HBO’s The Vow tells the story of the rise and fall of NXIVM, a modern-day American cult. With its affluent trappings, including an Upstate New York location and a membership that prominently features heiresses and actors, NXIVM has mostly been an object of lurid media fascination rather than a thorough examination. It would be easy to retell the tabloid version of this bizarre story and still rack up rubbernecking viewers. Instead, The Vow opts to dig deeper, and the result is mesmerizing and strangely powerful.
The nine-part documentary series, which is directed by Oscar-nominated filmmakers Jehane Noujaim and Karim Amer (The Square), humanizes its ex-cult-member subjects through detailed and witness-anchored inside accounts. The controversial NXIVM is a self-described “multi-level marketing company” whose secret offshoot, DOS (“Dominus Obsequious Sororium”) was exposed as a “sex cult” in 2017. Noujaim and Amer have a penchant for reframing subjects who aren’t traditional heroes (see last year’s The Great Hack), and here they present an engrossing, character-driven docuseries with a gold mine of new and never before seen archival footage.
The Vow succeeds by setting up a narrative structure that mirrors the journey that several ex-NXIVM members have taken. At the start, the filmmakers drop us into the near-utopian vision of ethical camaraderie and thoughtful idealism that new members discovered upon joining the group in the mid-2000s. We learn the language they learned. We feel the feelings they felt. Large parts of the series’ early episodes are devoted to showing us the shining, strangely pristine tip of an iceberg. Then The Vow reveals the structure in its entirety: massive, dangerous, and shrouded in mind-numbing darkness.
There’s also present-day momentum inherent in The Vow that goes beyond a simple regurgitation of facts. A camera crew follows anxiety-riddled yet tenacious ex-members of NXVIM, beginning even before the 2017 New York Times article broke the news about DOS’ alleged crimes. For decades, common knowledge has held that the type of people who join cults are weak-minded wanderers, but these survivors — among them documentarian Mark Vicente and actors Bonnie Piesse, Sarah Edmondson, and Anthony Ames — are clearly smart, deeply principled, and above all, resilient.
Some of these ex-members compare NXIVM to an abusive relationship — it was, after all, exposed in the wake of the #MeToo movement. Most of them speak candidly about the situation’s complex mix of personal responsibility and victimhood. NXIVM’s takedown unfolds like a thrilling game of chess, with clever, close-knit people using effective strategies, some of which they learned within the cult they’ve just escaped, to knock its pieces off the board one at a time.
And then there’s the other player: NXIVM founder Keith Raniere, who technically held no position in the company aside from the honorific “Vanguard.” Raniere is the tricky, mystical center of a story that defies belief, the brain worm that infects viewers of The Vow and will stay rattling around in our minds long after we’ve finished the series.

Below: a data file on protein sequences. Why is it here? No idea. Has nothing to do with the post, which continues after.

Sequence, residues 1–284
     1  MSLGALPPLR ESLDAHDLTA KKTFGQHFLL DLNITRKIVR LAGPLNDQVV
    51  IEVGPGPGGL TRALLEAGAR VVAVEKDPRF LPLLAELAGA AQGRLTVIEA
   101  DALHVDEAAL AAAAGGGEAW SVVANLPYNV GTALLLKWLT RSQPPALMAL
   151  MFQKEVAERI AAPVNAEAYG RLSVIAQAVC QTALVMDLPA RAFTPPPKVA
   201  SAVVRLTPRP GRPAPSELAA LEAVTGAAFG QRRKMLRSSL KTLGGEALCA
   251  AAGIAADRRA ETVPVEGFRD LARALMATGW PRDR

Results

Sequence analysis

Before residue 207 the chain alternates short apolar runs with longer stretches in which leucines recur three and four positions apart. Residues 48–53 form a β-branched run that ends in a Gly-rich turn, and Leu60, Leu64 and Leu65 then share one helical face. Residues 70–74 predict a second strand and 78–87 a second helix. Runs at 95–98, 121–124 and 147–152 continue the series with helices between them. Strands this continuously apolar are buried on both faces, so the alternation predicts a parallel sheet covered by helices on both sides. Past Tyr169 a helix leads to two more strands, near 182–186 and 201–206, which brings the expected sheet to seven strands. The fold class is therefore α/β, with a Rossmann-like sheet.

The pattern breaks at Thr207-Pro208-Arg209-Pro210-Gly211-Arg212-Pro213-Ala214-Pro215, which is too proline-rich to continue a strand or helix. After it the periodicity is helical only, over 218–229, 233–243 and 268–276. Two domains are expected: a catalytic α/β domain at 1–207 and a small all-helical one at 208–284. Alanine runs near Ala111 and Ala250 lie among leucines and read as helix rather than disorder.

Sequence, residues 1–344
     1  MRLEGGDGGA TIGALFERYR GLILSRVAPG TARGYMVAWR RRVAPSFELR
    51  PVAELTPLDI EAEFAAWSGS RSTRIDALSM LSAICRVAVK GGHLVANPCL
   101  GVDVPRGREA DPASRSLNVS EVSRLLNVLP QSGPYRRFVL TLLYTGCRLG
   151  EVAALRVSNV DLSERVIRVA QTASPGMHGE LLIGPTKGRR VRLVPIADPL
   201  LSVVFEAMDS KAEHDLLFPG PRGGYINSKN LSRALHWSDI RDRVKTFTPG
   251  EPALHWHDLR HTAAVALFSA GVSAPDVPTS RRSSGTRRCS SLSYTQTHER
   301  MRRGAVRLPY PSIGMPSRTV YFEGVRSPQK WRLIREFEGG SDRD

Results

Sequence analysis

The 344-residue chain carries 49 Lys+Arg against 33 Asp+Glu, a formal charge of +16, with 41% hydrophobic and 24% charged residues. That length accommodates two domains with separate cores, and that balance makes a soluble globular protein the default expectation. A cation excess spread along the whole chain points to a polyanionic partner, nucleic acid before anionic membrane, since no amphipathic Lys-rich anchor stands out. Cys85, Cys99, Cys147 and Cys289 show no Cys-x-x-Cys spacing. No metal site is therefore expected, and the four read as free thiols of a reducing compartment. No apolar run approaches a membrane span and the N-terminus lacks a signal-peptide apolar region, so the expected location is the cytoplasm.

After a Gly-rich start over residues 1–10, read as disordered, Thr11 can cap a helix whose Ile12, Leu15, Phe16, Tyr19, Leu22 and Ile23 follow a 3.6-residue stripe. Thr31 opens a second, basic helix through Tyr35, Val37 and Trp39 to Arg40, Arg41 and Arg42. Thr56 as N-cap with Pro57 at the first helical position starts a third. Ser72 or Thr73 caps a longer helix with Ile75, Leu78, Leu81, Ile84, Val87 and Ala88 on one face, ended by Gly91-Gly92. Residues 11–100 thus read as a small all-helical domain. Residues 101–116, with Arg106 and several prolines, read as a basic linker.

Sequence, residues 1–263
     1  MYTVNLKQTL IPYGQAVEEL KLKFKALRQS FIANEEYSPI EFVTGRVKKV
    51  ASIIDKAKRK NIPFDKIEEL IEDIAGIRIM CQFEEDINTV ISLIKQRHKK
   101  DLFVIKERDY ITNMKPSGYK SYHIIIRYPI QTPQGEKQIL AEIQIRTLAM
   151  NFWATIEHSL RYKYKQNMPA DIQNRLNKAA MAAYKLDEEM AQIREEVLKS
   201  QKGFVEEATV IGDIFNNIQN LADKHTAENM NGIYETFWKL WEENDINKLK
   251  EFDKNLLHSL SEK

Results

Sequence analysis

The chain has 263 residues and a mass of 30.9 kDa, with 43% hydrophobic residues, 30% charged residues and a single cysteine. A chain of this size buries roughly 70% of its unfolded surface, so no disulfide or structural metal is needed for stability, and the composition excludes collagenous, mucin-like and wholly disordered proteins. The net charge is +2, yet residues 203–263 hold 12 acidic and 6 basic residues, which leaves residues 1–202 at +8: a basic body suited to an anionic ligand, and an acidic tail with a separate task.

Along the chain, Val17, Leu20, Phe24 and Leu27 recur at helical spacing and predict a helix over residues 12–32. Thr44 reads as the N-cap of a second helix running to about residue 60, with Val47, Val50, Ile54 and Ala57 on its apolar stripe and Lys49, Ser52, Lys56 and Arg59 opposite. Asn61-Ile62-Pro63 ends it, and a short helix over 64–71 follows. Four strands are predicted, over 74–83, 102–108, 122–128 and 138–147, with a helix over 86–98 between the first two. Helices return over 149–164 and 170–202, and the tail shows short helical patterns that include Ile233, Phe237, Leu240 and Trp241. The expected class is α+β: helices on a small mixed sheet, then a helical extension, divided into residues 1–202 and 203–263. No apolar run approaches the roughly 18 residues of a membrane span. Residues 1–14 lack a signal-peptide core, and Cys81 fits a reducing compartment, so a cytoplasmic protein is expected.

At times Raniere appears in footage looking like a hippie David Foster Wallace, riffing on everything from the science of immortality to the danger of relying on art during chat sessions after late-night volleyball games. Other times he could pass as a slouchy and eccentric tech CEO, defending NXIVM’s intricate and strange philosophies with ease and making them sound less like mind control and more like critical thinking.
He’s a startlingly effective mixed bag — confident, humble, approachable, and awkward. Slowly but surely, The Vow makes the case that he’s used these charms along with his mellow openness and seemingly unrehearsed curiosity to gain power, sex, and devoted followers throughout his entire life.
The series is an embarrassment of home video riches specifically because, according to Vicente, Raniere told NXIVM members to document everything they could so future generations could study their work. Even with all that footage, we never see Raniere slip up onscreen; his abuses are meticulously planned and his followers are deeply ingratiated to him.
Because of all this, a clear picture of his manipulation only comes through once deprogrammed survivors start actively looking for evidence against him. Every early red flag (he thinks he can cure Tourettes?) is countered by a reassurance (the Dalai Lama endorsed him!) that allows him to keep an all-encompassing hold over his followers.
I screened the first seven episodes of The Vow, which paint a dark picture of Raniere and his female partners in crime. Still, several of the most shocking claims that have been previously leveled at the founder, including a follower’s apparent mysterious disappearance, an alleged belief in Nazi reincarnation, and an unconfirmed claim that he was “experimenting on” his own son, aren’t even addressed.
The breadth and depth of the man’s manipulation are such that documentarians can either opt to create a mesmerizingly up-close portrait of Raniere and his followers or relay an exhaustive list of his alleged crimes and offenses in full for shock value. In choosing to attempt the former, The Vow eschews expectations and becomes a rich and surprisingly empathetic examination of an often-sensationalized topic.